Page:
Cuyahoga Falls -- A City Councilman is encouraging residents to weigh in on a proposal to reduce a section of Front Street from a four-lane road to a three-lane road and add on-street parking near Gorge Metro Park.
Falls Councilor Vic Pallotta (R-3) said the city's traffic committee will address the issue at a meeting on July 17 at 4:30 p.m. in the Erie Room of the Natatorium, 2345 Fourth St.
"I'm going to give everybody a chance to weigh in on this," said Pallotta, who also serves on the traffic committee.
Summit Metro Parks is planning a project to change Front Street from a four-lane to a three-lane road with parallel parking from Hillcrest Drive to the southern corporation limits and to construct a walkway, according to legislation that was reviewed by City Council in June.
During discussion at Council's public affairs committee meeting June 19, City Engineer Tony Demasi said motorists traveling south in the right lane on Front Street toward Gorge Metro Park would have to make a right turn once they get to Hillcrest Drive.
Lisa King, executive director of the Metro Parks, said the project was being done to provide more parking for people going to Gorge Metro Park.
The public affairs committee decided to hold the proposal to hear feedback from residents about the project.
Two of the main issues that will be discussed by the traffic committee on July 17 will include potentially reducing the speed limit in the area and examining whether additional parking spaces could be found in places other than along the road.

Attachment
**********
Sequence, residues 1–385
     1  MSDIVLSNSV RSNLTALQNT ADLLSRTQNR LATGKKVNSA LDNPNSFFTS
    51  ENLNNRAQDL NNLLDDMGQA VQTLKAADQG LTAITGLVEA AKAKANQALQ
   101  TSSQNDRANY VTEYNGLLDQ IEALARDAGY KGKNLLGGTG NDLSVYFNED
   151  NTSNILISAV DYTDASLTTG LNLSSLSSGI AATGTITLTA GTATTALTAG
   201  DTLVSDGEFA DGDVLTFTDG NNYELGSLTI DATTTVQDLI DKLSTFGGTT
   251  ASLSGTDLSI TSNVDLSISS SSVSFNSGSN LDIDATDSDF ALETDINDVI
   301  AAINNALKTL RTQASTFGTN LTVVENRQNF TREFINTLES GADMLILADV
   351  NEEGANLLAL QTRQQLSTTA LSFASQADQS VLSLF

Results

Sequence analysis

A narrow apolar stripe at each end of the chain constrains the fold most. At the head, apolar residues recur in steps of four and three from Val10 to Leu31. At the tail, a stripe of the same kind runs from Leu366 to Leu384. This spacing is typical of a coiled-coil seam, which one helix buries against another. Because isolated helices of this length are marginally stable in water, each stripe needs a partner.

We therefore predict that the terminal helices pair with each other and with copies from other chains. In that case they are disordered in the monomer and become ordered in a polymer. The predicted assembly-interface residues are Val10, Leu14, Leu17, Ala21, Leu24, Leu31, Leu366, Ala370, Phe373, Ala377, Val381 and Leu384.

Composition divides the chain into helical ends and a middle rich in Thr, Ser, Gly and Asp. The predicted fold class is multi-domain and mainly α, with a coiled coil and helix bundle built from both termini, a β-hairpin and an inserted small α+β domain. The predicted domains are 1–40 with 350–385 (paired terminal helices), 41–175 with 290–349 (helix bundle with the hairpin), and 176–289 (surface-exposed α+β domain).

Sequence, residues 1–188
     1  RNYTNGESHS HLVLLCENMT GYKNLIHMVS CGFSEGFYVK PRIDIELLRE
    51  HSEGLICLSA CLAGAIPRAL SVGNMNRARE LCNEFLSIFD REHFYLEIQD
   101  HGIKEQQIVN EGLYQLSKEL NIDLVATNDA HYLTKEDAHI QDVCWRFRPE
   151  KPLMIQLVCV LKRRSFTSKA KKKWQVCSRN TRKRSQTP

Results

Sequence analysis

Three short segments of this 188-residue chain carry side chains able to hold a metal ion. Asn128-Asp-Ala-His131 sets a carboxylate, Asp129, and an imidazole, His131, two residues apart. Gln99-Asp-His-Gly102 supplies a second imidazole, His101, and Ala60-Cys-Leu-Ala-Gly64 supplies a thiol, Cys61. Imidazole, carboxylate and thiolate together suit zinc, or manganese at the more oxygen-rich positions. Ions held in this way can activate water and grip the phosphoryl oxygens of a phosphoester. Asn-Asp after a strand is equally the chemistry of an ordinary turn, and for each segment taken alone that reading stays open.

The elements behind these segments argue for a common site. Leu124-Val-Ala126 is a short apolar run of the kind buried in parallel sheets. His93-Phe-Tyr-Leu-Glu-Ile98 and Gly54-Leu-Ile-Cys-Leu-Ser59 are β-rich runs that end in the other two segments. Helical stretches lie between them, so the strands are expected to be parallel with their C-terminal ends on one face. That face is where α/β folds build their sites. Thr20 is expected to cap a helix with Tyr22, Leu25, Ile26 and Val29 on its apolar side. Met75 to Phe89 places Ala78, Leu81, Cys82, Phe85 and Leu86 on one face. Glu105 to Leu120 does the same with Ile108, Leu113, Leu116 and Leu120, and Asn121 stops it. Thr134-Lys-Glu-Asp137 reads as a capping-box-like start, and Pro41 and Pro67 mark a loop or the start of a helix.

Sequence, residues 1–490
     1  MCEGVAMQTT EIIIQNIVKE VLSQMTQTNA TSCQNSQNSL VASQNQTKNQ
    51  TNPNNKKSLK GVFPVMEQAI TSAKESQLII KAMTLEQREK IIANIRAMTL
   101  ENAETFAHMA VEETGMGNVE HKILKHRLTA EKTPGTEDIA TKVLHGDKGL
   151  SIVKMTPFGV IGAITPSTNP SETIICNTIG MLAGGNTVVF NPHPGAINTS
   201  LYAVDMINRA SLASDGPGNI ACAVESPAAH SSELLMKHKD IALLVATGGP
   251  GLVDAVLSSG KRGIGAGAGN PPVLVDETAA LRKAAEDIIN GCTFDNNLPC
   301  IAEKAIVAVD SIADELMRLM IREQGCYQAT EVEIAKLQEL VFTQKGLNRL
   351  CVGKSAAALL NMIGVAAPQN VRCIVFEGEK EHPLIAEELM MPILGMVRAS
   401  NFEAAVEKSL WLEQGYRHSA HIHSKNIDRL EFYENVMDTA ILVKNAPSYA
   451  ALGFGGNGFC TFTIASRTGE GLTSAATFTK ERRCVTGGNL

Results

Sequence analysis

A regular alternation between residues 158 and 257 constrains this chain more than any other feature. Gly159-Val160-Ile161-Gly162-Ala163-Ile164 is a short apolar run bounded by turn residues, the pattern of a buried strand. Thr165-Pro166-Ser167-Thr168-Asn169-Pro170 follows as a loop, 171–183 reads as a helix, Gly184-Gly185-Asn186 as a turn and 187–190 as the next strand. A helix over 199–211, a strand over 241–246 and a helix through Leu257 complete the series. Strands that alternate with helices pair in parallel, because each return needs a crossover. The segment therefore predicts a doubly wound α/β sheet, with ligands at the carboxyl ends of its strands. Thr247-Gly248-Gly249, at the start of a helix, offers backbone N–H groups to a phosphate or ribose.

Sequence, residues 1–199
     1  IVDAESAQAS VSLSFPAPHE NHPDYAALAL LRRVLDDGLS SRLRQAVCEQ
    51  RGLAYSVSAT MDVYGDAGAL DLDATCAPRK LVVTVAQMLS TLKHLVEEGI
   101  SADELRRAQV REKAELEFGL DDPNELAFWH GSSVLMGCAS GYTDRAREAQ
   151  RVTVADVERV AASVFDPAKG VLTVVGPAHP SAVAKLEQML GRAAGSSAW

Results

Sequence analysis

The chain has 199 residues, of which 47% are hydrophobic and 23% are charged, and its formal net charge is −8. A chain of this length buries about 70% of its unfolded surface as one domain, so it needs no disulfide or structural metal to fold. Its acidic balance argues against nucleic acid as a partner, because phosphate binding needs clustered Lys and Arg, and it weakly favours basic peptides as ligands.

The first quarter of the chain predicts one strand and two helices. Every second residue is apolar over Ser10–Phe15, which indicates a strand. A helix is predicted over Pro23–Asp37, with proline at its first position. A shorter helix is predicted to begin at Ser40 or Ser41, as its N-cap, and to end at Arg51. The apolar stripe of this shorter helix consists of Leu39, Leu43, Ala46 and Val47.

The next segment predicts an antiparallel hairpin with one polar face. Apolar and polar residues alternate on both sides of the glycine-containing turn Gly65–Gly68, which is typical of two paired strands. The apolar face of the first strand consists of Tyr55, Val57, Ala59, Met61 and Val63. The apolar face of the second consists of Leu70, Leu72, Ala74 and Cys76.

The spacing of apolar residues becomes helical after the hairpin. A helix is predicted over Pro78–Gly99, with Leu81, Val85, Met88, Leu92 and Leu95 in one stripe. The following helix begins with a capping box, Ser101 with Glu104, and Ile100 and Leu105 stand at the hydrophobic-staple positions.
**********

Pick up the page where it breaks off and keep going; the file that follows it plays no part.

The speed limit on this section of roadway in Cuyahoga Falls is 35 mph. Pallotta told the Falls News-Press on July 12 that a speed study recently performed by Police Chief Jack Davis found that a "vast majority" of drivers are traveling between 35 and 45 mph along that stretch of Front Street by Gorge Metro Park.
With a bike lane potentially being put in on the east side and parallel parking on the west side, Pallotta said, "people can't go through there [at] 45 mph."
Pallotta added he is looking at other parking options for Gorge Metro Park, including an area in Akron further south of the main parking lot, as well as the possibility of adding more parking on the park property itself.
Pallotta said he was trying to find out from King how often Metro Parks needs the overflow parking.
"I'm trying to throw everything out there on the table and then try to come up with a win-win situation for everybody," said Pallotta.
If the traffic committee makes a decision on July 17, the issue would then return to the public affairs committee on July 24. If the committee favors the proposal, it would move forward to the full Council for a vote on July 31.